As I would say NO electronics will have zero distortion. 

My point to @PuritéAudio is what amount distortion disqualifies the equipment from being "high fidelity"? 

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Just now, StingRay said:

If it's on the recording then what do you do?

Then, I agree, I want to reduce it...if I can do so without killing the rest of the music.

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Just now, StingRay said:

If it's on the recording then what do you do?

Choose a different hobby?

We've argued this endlessly over the years. My opinion has always been the same. 'Accuracy' is meaningless, because what you are accurately reproducing is an innacurate imitation of something in the first place. If you want, you can say that you're trying not to make something even more imperfect, but it's as much your choice as it was the choice of the recording engineer(s), producer, etc. further up the chain.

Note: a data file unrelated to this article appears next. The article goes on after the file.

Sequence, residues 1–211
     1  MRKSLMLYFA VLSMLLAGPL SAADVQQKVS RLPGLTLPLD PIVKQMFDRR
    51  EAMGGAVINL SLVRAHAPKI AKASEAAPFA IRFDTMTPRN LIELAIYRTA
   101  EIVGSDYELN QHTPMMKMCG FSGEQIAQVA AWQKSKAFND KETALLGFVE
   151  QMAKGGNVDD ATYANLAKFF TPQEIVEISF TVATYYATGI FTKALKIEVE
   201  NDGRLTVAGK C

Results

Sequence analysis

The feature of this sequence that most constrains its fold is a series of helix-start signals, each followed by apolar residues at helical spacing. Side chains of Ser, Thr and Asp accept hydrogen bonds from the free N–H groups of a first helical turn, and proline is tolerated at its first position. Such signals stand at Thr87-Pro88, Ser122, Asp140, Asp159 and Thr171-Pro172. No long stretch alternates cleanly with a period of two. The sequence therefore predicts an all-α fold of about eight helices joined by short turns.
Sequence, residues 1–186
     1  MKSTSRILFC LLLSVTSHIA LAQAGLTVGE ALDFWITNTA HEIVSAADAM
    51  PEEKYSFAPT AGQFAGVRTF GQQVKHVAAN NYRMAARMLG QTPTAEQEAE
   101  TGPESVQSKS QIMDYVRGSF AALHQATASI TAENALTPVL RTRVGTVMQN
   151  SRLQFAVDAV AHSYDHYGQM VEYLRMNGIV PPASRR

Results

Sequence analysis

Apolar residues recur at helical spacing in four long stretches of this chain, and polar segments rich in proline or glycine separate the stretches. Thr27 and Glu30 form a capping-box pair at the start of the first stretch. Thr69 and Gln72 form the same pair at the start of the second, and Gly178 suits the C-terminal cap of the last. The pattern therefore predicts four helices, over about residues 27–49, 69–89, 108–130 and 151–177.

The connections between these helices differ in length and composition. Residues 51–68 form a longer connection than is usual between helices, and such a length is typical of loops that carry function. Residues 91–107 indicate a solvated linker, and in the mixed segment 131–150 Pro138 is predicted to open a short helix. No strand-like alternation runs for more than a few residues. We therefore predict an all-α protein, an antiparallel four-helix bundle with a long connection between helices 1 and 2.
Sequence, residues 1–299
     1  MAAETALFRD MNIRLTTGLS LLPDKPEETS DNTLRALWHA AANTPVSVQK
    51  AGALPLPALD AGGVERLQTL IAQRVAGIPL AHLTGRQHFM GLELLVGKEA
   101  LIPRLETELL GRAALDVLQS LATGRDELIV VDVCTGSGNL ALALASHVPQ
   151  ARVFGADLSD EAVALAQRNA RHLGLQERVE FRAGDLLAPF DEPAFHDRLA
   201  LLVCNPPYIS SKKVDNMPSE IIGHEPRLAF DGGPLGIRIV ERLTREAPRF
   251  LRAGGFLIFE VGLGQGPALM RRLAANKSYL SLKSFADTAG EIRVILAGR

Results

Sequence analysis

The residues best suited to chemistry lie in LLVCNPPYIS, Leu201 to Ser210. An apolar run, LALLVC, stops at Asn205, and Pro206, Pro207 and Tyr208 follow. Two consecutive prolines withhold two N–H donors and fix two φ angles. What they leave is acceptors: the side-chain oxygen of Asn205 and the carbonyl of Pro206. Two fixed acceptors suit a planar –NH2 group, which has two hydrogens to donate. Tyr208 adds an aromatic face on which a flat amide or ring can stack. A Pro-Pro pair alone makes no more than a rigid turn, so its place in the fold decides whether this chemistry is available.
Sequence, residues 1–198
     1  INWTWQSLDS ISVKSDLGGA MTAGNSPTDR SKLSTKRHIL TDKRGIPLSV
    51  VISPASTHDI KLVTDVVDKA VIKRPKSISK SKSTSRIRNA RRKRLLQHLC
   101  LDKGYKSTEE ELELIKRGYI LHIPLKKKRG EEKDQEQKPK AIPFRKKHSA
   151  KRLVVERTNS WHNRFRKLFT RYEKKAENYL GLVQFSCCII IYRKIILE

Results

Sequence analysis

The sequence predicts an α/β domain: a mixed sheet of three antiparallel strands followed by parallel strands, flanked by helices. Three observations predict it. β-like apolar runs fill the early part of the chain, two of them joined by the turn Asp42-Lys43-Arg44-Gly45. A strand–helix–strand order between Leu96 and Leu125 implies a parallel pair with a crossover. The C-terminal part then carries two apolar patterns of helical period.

I would much rather have something that gives me masses of enjoyment and portrays music in a (doubtless artifical) way that has the illusion of being more 'lifelike'. Whether that means distortion (which it does not necessarily), 'softening' or emphasising parts of the frequency spectrum, adding an 'image' of width and depth is totally beside the point.

For the life of me I cannot understand the obsession with having something that 'measures perfectly' (which is in itself a joke, as nothing does or can) and makes most recordings sound like farm animals being tortured.